How Does Minimally Invasive Spine Surgery Work?

In September’s first DFW blog, we talked about some of the basics of minimally invasive spine surgery, which is used more and more for a wider range of procedures. This is good news for patients, as they can achieve the same results without anywhere near the same pain and recovery as is involved with open surgery.

In this second blog, let’s get into a couple techniques used by Dr. Tinley in these surgeries.

Minimally invasive decompression

Due to osteoarthritis, the facet joints on the back of our vertebrae begin to enlarge and develop bone spurs. At the same time, our spinal discs are degenerating, thinning and becoming less malleable. This makes it easier for the outer shell to tear and the inner gel to push outward. This is a herniated disc, and now that disc material is pushing on nerve roots or the spinal cord itself. All of this narrowing of the spaces in the spine is called spinal stenosis.

In patients with stenosis in only one or two levels, minimally invasive surgery is usually possible. Bone spurs and arthritis is removed from the spine where nerves are compressed using two tubes or retractors that are often less than one inch in diameter. A high-powered surgical microscope is used through one of the tubes so that the nerves can be safely seen and protected throughout the operation. This smaller, incision, less muscle disruption, and preservation of more of the patient’s anatomy usually makes for a quicker recovery and a faster initiation of physical therapy.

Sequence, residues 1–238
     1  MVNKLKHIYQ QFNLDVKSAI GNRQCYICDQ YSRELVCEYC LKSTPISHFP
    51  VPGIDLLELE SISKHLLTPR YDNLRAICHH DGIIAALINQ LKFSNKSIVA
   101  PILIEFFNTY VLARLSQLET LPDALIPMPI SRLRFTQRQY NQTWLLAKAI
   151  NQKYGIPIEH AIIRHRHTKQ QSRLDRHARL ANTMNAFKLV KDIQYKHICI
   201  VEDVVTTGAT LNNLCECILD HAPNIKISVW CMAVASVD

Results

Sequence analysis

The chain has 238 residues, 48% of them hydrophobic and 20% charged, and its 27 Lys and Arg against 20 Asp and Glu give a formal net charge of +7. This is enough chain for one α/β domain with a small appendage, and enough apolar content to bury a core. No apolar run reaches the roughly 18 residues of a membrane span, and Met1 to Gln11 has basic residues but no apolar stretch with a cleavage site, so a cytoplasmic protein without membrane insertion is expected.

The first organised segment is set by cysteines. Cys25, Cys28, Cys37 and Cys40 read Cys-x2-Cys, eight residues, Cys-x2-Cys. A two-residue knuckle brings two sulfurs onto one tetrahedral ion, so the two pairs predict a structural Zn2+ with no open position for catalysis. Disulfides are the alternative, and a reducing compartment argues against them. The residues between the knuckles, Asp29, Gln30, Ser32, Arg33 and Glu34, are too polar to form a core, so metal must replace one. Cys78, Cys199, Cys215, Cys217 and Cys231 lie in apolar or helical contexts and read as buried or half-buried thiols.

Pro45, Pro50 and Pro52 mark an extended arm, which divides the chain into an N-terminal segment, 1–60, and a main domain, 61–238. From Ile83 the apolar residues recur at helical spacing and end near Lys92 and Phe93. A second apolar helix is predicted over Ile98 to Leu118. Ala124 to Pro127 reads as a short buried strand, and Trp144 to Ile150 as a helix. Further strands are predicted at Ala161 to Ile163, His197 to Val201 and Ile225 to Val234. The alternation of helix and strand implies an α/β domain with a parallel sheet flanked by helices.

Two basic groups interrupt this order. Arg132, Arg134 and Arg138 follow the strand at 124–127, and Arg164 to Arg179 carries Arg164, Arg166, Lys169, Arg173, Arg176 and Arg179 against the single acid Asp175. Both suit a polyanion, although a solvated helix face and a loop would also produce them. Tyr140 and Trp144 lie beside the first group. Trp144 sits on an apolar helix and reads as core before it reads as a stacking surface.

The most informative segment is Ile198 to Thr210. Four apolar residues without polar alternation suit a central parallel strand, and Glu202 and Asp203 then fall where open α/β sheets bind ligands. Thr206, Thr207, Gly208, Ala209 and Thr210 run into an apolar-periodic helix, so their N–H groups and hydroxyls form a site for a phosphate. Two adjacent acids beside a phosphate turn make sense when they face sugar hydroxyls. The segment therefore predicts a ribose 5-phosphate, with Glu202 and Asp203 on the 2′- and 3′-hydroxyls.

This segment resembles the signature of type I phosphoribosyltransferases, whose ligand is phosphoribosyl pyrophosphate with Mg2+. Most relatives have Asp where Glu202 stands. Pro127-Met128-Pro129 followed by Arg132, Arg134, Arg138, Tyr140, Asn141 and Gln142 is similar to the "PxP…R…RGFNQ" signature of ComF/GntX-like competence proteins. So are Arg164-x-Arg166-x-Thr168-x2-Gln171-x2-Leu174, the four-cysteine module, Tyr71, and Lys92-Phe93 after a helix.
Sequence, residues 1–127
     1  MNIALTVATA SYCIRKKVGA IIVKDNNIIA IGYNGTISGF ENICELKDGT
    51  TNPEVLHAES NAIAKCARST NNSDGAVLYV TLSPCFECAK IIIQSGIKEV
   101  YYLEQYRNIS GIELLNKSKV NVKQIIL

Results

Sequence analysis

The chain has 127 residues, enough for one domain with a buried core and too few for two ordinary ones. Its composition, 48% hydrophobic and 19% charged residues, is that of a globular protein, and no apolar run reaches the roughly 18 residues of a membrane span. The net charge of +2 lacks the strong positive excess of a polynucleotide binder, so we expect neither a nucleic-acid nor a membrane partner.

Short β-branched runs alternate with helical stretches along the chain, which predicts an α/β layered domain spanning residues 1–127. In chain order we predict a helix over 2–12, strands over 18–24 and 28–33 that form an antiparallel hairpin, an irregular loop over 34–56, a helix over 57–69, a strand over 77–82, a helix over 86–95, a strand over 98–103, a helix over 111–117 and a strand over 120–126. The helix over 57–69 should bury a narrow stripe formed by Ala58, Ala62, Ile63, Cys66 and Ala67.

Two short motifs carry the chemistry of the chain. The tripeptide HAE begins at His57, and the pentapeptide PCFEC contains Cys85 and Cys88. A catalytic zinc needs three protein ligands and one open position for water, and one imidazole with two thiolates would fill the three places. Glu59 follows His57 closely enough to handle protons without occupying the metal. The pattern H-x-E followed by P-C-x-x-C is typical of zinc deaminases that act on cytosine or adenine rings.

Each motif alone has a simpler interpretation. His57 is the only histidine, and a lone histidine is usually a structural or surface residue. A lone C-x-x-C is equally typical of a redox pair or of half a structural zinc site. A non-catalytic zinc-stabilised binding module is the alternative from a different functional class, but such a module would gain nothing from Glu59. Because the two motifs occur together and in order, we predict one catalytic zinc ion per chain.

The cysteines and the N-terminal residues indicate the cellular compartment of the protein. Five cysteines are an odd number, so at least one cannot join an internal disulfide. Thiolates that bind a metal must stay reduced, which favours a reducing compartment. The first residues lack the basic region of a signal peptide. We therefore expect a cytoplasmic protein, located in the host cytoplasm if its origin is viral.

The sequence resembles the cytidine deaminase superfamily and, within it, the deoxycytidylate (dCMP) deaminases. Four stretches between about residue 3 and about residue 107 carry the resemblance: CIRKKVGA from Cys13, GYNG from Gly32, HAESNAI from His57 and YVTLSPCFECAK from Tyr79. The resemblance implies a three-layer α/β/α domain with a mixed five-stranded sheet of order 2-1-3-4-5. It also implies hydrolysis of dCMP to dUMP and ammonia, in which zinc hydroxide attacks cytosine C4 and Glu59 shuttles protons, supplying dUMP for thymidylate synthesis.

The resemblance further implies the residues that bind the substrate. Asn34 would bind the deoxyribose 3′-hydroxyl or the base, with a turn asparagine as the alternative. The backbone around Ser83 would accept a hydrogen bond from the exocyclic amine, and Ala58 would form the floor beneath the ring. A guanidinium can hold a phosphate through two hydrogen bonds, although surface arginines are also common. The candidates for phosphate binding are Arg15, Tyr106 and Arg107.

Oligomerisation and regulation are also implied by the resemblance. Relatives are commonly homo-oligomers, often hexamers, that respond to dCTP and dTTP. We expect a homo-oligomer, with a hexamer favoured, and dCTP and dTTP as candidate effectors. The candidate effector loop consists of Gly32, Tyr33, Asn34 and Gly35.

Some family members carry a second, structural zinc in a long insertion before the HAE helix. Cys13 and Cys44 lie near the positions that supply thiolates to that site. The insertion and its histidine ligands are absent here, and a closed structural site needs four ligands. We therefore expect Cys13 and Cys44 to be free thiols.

Minimally invasive spinal fusion

 

In order to stop movement between two vertebrae and to eliminate chronic pain that has not responded to conservative and other treatments, it may be the best option to fuse the two vertebrae together, removing the damaged spinal disc in between the two vertebrae.

 

Dr. Tinley can do all of this through an incision that is about an inch and a half. As with decompression, retractor tubes are used to insert the high-powered surgical microscope, along with the instrumentation used to fuse the two vertebrae together.

 

He is able to remove the damaged areas of the disc, bone spurs, and other tissues pressing on the nerve roots exiting the spinal canal or on the spinal cord itself. He then inserts rods and screws to lock the two vertebrae together. Bone graft material is taken, usually from the hip, and is then placed against the vertebrae. It will grow and attaches permanently to the spine, typically covering the rods and making the two vertebrae into a single unit.

 

It’s amazing, but all of this can be done through minimally invasive spine surgery with Dr. Tinley.

 

Are you having chronic back pain or pain down through your buttocks into your legs? You may have spinal stenosis in your lumbar spine. Please call us at DFW Center for Spinal Disorders, (817) 916-4685, and schedule a consultation.

Posted in: Minimally Invasive Spine Surgery (MIS)

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